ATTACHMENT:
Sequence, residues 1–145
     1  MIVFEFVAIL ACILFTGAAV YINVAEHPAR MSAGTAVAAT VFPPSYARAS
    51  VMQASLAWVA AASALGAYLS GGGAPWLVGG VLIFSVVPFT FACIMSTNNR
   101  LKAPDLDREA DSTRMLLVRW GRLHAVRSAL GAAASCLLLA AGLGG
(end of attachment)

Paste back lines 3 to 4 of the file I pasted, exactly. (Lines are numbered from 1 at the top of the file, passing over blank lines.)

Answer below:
    51  VMQASLAWVA AASALGAYLS GGGAPWLVGG VLIFSVVPFT FACIMSTNNR
   101  LKAPDLDREA DSTRMLLVRW GRLHAVRSAL GAAASCLLLA AGLGG